Buoyed by Kiin's flexibility, the entire team has been lighter and more malleable. Less pressure on Kuro to sacrifice resources so that MaRin received more jungle attention or Spirit and Kramer could catch all of the team's minion waves has meant more carry opportunities alongside tanky initiators like Galio. Support Park "TusiN" Jong-ik has had a career split, initiating in tandem with Kuro, now able to leave Kramer alone more frequently in lane if need be.

And yet, despite the breath of fresh air that is the 2018 Afreeca Freecs, their arrival at the LCK finals has been a long time in the making for the organization. In 2016, another buoyant version of the team led by mid laner Son "Mickey" Young-min snuck into playoffs ahead of Samsung Galaxy thanks to an impressive back half of the 2016 LCK Spring split. This iteration of the Freecs never managed to make it past the first round of the LCK playoff gauntlet, a trend that stuck with the organization even after the original Freecs lineup was replaced. The Freecs' recent 3-1 victory over KT not only marked the organization's first playoff series win, but first playoff game win.

While Kingzone's appearance in these finals was expected, there were lingering doubts about the Freecs even after they finished second overall in the regular season, given the organization's history and a rising KT lineup that recently had integrated Lee "Rush" Yoon-jae and Son "Ucal" Woo-hyeon into the fold. The Freecs delivered thrilling oddball picks like Kuro's Yasuo or Kiin's Malphite, but the most important takeaways from the Freecs' win against KT were true of the team all split: flexibility and preparation.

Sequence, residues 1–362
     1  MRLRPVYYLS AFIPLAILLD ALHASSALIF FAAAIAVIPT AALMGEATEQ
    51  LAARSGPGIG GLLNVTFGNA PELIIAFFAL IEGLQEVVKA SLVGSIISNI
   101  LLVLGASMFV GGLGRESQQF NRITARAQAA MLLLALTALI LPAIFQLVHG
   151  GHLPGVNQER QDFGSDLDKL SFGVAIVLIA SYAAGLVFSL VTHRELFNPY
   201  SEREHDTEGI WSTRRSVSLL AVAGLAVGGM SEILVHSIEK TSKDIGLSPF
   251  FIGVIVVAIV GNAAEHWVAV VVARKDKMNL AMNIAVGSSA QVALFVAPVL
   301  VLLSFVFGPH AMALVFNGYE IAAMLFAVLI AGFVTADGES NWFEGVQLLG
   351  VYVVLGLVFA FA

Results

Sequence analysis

These qualities, and a dedicated focus on practice, is the vision of iloveoov, who laid the groundwork for the Freecs' finals appearance last year upon arriving to the team. It was his idea to sign an entire second lineup to ensure that his team practiced more than any other, a move that was panned by his peers who said that it wouldn't work with the large amount of players continuing to leave South Korea for other regions.

"The most difficult thing was persuading the players to practice," iloveoov said in a follow-up interview with Inven. "I tried to have them understand the need of practice continuously; after they saw prowess and results getting better with practice, they understood and agreed. I was going to resign if I don't get good results within this year."

iloveoov will have to wait another split at least to resign now that the Freecs are in the finals.

Kingzone is waiting in Busan.